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The documents where this entity occurs most often are shown below. Click on a document to open it.

Document Max. Freq Min. Freq
Alfred Roman, The military operations of General Beauregard in the war between the states, 1861 to 1865 103 27 Browse Search
Harper's Encyclopedia of United States History (ed. Benson Lossing) 57 9 Browse Search
General Joseph E. Johnston, Narrative of Military Operations During the Civil War 46 2 Browse Search
Jefferson Davis, The Rise and Fall of the Confederate Government 40 4 Browse Search
Varina Davis, Jefferson Davis: Ex-President of the Confederate States of America, A Memoir by his Wife, Volume 2 40 2 Browse Search
Brigadier-General Ellison Capers, Confederate Military History, a library of Confederate States Military History: Volume 5, South Carolina (ed. Clement Anselm Evans) 33 13 Browse Search
George P. Rowell and Company's American Newspaper Directory, containing accurate lists of all the newspapers and periodicals published in the United States and territories, and the dominion of Canada, and British Colonies of North America., together with a description of the towns and cities in which they are published. (ed. George P. Rowell and company) 28 0 Browse Search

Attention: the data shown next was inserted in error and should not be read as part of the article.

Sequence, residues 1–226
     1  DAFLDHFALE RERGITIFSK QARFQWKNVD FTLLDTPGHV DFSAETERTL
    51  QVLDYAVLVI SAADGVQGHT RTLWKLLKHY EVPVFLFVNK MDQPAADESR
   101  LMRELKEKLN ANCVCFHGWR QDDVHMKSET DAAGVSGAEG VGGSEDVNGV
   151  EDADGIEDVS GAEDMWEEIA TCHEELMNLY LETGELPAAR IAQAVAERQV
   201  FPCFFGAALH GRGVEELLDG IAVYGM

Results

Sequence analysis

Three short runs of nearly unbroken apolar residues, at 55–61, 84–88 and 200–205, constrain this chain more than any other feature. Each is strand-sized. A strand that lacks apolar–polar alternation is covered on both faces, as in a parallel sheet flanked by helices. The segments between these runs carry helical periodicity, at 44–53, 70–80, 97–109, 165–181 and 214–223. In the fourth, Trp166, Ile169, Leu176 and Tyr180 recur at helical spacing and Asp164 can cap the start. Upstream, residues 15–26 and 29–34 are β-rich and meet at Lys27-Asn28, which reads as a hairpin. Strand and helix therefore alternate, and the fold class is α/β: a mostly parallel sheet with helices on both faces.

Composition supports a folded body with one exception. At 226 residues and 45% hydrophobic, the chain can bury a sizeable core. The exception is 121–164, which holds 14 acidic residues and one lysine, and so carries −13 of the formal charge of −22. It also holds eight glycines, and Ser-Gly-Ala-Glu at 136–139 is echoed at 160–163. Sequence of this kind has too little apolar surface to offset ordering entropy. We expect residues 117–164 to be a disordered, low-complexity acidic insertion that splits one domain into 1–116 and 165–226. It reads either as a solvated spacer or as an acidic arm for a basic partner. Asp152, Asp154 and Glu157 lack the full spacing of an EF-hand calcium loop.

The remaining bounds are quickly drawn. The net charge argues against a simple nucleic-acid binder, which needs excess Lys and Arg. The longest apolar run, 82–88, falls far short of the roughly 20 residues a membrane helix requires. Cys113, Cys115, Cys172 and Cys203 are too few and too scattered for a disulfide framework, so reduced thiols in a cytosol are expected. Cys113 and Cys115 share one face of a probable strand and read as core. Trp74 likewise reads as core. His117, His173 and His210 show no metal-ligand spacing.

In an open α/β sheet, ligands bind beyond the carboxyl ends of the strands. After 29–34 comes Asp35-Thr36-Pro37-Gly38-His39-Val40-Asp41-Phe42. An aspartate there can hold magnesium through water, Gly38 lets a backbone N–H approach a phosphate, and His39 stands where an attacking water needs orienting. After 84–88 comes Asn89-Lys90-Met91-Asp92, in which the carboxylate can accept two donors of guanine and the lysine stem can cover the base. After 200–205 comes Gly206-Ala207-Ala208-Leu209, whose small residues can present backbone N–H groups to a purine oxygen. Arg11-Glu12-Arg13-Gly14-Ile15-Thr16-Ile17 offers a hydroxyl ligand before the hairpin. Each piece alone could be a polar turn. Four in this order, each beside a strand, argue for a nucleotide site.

Benson J. Lossing, Pictorial Field Book of the Civil War. Volume 3. 27 1 Browse Search
William Tecumseh Sherman, Memoirs of General William T. Sherman . 22 0 Browse Search
Robert Underwood Johnson, Clarence Clough Buell, Battles and Leaders of the Civil War: The Opening Battles. Volume 1. 22 0 Browse Search
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Browsing named entities in The Daily Dispatch: November 23, 1863., [Electronic resource]. You can also browse the collection for Charlotte (North Carolina, United States) or search for Charlotte (North Carolina, United States) in all documents.

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d damage there, ever since June or July last — both at the same depot, and at that near Monck's Corner, we are told, large quantities of Government fodder, purchased in the vicinity, were suffered to be wasted, cattle feeding on it ad libitum, and large portions of it rotting and diffusing offensive odors. In Upper St. John's a planter still has in his barn, put up in sacks, 1,200 bushels of corn, bought and paid for by the Government in May last — a prey to weasels and rats — because no one has yet come for it. We were informed not very long ago that at Charlotte, N. C., one had to walk for a considerable distance on bags of Government corn to reach the railroad depot, and that hogs were feeding on it of Surely such criminal waste and abuses should challenge the attention of the proper authorities, and be met by proper remedies. Without essential reforms in the Commissary and Quartermaster Departments a like criminal waste will attend the collection of the produce or tithe t